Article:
Sunday, January 24, 2010
Sunday dinner: It's CHOWDA! Say it right!!
Hake chowder with homemade biscuits.
This was our first time making chowder - and quite a success. Chowder always seemed to us to be one of those meals that can only be had at a restaurant. But of course it's been a staple in the Northeast for years in average homes. After making it, we can see why: there's no easier or more practical winter meal than a mix of long-storing potatoes, fresh-caught winter fish, and a little dairy.
In this recipe the fillet gets chopped before being added, but as it cooks the pieces fall apart, giving the chowder that characteristic creamy texture. (In fact, this recipe actually contains no cream - only milk.) We'd be remiss if we didn't mention that this is of course a New England-style chowder, not a Manhattan or Rhode Island-style, which are tomato-based. The long and sordid history of the battle between these two chowder factions is featured extensively in The Food of a Younger Land, and we highly recommend the book to anyone invested in the question.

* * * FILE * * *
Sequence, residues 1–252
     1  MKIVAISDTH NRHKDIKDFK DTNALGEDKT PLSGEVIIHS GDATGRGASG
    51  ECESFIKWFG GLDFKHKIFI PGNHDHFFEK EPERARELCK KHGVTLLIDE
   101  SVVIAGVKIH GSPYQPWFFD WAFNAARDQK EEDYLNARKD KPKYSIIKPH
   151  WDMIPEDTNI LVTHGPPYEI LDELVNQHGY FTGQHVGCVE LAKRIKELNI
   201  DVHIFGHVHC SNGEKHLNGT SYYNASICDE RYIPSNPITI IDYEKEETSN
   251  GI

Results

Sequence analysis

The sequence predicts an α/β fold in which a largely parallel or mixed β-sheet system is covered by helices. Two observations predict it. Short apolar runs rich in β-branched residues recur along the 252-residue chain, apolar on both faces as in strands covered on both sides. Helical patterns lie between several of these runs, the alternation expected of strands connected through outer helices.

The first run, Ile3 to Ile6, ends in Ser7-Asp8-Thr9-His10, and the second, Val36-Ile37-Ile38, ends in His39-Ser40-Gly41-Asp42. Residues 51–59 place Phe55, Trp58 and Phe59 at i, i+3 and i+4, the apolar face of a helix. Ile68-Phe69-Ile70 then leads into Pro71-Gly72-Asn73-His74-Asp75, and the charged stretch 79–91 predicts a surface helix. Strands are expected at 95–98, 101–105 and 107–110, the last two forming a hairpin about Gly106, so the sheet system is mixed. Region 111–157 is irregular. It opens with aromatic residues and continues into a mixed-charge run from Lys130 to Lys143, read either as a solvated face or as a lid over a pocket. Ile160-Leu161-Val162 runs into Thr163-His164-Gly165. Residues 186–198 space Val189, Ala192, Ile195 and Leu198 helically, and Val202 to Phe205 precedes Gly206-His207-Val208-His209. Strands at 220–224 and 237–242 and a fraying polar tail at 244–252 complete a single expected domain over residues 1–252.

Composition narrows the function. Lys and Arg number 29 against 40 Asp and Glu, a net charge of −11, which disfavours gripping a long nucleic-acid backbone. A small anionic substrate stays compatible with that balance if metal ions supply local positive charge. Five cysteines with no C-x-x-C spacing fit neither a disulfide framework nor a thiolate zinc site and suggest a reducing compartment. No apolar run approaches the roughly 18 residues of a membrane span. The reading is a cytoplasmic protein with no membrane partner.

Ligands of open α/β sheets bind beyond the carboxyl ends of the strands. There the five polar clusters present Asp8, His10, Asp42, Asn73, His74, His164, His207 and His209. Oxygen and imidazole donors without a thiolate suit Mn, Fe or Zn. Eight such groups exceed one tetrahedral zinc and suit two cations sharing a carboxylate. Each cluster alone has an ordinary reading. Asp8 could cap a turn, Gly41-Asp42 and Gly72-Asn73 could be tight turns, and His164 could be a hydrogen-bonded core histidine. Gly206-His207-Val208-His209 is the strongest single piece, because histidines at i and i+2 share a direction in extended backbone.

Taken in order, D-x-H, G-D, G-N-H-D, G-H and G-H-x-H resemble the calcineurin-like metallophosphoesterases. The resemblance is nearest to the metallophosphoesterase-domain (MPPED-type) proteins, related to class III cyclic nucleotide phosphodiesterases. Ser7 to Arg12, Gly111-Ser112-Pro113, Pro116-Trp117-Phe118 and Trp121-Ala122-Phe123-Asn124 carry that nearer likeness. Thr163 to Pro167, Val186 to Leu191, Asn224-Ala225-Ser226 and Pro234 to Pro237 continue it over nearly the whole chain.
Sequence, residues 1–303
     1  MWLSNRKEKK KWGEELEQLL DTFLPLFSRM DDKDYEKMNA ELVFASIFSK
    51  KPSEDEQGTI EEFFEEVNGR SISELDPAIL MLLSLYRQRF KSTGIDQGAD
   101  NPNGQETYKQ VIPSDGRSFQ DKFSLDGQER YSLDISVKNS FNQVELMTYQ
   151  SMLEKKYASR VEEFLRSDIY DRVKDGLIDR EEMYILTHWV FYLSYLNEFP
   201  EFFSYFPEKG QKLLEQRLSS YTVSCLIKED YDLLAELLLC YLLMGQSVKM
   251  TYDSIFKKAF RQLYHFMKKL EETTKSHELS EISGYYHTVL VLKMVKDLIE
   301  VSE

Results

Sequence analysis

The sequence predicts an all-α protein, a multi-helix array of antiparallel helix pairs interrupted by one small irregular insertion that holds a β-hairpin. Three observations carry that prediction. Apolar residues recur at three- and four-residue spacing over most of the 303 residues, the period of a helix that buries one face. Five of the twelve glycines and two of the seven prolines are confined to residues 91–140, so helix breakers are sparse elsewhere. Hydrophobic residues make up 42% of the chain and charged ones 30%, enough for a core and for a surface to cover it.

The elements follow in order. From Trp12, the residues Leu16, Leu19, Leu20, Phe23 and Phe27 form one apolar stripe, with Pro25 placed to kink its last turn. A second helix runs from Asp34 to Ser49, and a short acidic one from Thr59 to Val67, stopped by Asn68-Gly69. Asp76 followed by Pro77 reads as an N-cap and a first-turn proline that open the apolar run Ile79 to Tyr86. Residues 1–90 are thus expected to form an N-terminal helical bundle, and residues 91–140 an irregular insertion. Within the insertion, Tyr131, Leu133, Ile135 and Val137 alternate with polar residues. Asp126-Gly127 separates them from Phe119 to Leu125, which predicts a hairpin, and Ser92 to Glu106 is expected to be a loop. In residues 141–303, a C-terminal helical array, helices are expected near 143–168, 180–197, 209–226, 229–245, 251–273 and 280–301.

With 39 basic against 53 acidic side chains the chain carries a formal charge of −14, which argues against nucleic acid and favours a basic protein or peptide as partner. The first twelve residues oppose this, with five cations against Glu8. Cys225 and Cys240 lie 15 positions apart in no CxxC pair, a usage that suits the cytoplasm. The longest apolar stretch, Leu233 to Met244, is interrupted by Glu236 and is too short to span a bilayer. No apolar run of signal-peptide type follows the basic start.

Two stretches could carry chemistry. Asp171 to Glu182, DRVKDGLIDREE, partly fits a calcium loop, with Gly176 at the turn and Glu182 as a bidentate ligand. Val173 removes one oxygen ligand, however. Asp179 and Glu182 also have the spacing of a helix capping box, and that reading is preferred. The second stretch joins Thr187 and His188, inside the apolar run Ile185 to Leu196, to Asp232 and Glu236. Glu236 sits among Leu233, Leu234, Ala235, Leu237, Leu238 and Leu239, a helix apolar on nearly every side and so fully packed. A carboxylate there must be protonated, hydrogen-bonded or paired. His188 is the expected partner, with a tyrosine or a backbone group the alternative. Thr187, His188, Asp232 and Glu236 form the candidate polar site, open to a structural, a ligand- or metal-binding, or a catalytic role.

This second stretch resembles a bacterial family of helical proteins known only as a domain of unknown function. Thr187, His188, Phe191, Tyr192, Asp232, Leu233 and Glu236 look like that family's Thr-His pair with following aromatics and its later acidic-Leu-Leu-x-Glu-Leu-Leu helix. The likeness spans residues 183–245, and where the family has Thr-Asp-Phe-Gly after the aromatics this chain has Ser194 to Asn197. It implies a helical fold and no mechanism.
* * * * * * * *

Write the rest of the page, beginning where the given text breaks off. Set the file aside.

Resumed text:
Faithful readers might notice that these biscuits look a little different from those we made only a short while ago - these are made mostly with whole wheat pastry flour, with only a little half-white bread flour added. Using pastry flour, which has a much lower protein content, changed the texture of the biscuits markedly: they had a much finer crumb and denser consistency.
In the past we always used to use "all-purpose" flour, which has a medium protein content and is therefore pretty versatile. But lately we've discovered the wonders of fresh-milled local bread and pastry flours, which frankly taste a lot better. We've found there's a learning curve involved because the two types of flour act differently in recipes; to cook with them, you need to get a sense of when to use each one and how to adapt recipes to cope with the higher or lower protein content. For example, bread flour can hold a lot more moisture than pastry flour, so to get a similar batter you might need to add a lot more milk or water when using bread flour.
(And by the way, yes, you DO have to say "chowda.")